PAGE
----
What Is IRR?

August 9, 2022

Finance is full of acronyms, such as ROI (return on investment) or EPS (earnings per share). These are statistics used to measure specific performance, such as how much a company profited on a certain investment or how well the firm did in a specific quarter.

One less common acronym is IRR, or Internal Rate of Return. IRR is a method for measuring the risk of a particular investment based on current and future values. While complex at first glance, IRR can be a useful tool for measuring changes in rates of return. 

What Is the Internal Rate of Return (IRR)?

IRR is a metric used to calculate the potential returns of different investments over time.

To calculate, the IRR solves for a net present value (NPV) of zero in discounted cash flow analysis, which can help for comparison across asset classes and investments. Taking NPV to zero allows potential investments to measured against each other based on their own potential value, not the overall net value being added to the company.

IRR measures the compounded growth rate of the investment, not the overall yield. 

How Is IRR Calculated?

IRR is calculated using a rather complex formula, so don’t be afraid to start up Excel or whip out a financial calculator when making a calculation. The goal of IRR is to project the growth rate of an investment based on the NPV being zero. Since NPV will be zero, IRR is helpful when comparing the expected return of different investments. 

Excel has a specific IRR function to make calculating the discount rate a little easier than by hand. Financial calculators online can also be used to plug in data and determine the IRR of an investment. But to gain a deeper understanding, here are the variables that go into the equation.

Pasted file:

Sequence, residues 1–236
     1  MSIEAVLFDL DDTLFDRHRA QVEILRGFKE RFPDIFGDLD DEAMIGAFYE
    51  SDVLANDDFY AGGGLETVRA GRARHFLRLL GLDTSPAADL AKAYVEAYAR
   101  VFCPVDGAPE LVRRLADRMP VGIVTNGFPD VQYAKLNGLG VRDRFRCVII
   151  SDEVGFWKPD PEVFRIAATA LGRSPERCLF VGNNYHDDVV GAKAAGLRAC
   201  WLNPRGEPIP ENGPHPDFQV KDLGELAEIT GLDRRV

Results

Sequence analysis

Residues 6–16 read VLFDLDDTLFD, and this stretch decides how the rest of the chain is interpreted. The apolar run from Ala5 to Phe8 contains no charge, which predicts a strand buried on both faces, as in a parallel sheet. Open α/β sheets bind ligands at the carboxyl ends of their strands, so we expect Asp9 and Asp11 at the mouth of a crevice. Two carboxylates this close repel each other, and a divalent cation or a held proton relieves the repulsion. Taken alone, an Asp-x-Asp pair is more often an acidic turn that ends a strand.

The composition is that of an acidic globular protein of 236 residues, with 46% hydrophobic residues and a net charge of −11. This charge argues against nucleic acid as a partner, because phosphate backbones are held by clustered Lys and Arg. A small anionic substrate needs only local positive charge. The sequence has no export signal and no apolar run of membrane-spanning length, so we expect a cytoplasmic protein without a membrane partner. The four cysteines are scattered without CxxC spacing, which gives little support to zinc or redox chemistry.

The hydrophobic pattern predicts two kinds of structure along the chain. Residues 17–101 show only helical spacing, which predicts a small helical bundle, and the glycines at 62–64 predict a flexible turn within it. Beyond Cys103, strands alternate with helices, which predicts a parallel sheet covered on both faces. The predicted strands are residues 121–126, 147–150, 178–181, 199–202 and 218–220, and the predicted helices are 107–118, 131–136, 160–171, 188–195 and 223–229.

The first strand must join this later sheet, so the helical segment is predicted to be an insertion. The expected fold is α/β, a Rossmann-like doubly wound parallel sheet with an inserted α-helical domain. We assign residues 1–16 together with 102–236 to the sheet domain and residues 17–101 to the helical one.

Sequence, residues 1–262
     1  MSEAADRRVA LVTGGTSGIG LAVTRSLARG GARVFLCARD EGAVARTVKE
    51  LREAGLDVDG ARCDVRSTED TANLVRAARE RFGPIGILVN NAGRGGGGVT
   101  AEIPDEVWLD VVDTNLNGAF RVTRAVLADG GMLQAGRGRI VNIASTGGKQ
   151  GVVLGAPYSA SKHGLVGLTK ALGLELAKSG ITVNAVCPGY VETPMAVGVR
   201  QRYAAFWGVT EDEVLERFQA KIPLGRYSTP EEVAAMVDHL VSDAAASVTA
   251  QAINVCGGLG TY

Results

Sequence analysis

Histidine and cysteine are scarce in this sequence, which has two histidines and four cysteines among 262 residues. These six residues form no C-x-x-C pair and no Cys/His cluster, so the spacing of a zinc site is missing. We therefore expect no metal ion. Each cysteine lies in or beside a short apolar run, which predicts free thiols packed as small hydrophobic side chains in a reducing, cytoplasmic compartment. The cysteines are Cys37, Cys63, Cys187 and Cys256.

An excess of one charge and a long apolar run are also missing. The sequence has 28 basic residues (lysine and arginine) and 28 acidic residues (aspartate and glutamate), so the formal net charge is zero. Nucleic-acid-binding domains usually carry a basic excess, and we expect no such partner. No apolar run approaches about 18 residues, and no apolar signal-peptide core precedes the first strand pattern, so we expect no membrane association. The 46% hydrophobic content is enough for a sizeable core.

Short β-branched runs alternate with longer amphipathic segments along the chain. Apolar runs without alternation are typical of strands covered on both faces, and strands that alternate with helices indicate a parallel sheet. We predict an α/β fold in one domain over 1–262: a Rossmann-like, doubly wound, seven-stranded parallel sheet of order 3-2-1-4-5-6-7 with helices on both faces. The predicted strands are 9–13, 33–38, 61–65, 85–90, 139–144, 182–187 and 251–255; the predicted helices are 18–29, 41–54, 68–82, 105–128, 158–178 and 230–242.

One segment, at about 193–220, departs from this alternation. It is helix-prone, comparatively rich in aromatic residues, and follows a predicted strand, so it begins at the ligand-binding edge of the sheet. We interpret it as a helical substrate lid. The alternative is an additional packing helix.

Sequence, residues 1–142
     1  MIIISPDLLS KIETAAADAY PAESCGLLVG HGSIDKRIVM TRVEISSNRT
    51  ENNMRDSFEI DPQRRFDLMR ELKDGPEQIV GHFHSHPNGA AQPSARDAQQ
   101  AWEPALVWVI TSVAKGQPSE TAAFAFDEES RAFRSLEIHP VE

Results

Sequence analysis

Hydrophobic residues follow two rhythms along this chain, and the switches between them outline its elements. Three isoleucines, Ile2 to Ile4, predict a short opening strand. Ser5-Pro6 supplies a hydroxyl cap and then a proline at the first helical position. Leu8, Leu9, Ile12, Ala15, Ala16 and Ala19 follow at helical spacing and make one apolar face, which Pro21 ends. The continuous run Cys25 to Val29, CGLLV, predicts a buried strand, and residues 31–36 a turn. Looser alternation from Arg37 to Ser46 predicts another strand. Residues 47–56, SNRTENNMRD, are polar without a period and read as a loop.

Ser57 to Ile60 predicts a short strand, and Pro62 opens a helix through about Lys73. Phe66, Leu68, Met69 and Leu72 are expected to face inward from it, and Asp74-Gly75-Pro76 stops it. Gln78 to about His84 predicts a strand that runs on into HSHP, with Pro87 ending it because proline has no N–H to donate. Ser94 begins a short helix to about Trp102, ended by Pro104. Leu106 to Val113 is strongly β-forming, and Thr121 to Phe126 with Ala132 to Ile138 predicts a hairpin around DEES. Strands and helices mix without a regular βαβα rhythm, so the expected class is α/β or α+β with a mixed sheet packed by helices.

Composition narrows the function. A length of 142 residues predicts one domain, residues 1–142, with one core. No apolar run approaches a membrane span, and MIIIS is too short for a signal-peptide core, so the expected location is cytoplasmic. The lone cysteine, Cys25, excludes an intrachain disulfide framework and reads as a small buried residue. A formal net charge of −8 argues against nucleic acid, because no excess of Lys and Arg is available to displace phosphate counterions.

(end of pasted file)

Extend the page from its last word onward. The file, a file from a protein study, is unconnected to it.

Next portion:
• Number of time periods
  • Initial investment costs
  • Cash inflows for each time period

The actual formula is quite complex, which is why calculations are usually left to the computers. When measuring IRR, companies are looking for a rate of return above what they’d pay to borrow the money. A good IRR would need to produce returns greater than this hurdle rate.

Internal Rate of Return (IRR) vs Return on Investment (ROI)

ROI and IRR may sound like similar measures, but they are not interchangeable. ROI is a total return statistic — it calculates the expected returns on investment from beginning to end. On the other hand, IRR calculates the annual expected growth rate of an investment. 

Over long periods of time, ROI and IRR could vary drastically, which is why both are used in different scenarios when projecting potential investment returns. The variables used to calculate each metric are different, even though they can both be used to gauge the potential profitability of various investments.

Use Cases and Examples of IRR

Since using IRR brings the NPV to zero, it’s easy for companies to compare the potential gains of a number of new investments. Because IRR calculates an annual growth rate over a specific period, it can be used in conjunction with hurdle rate to help determine whether the investment is worthwhile.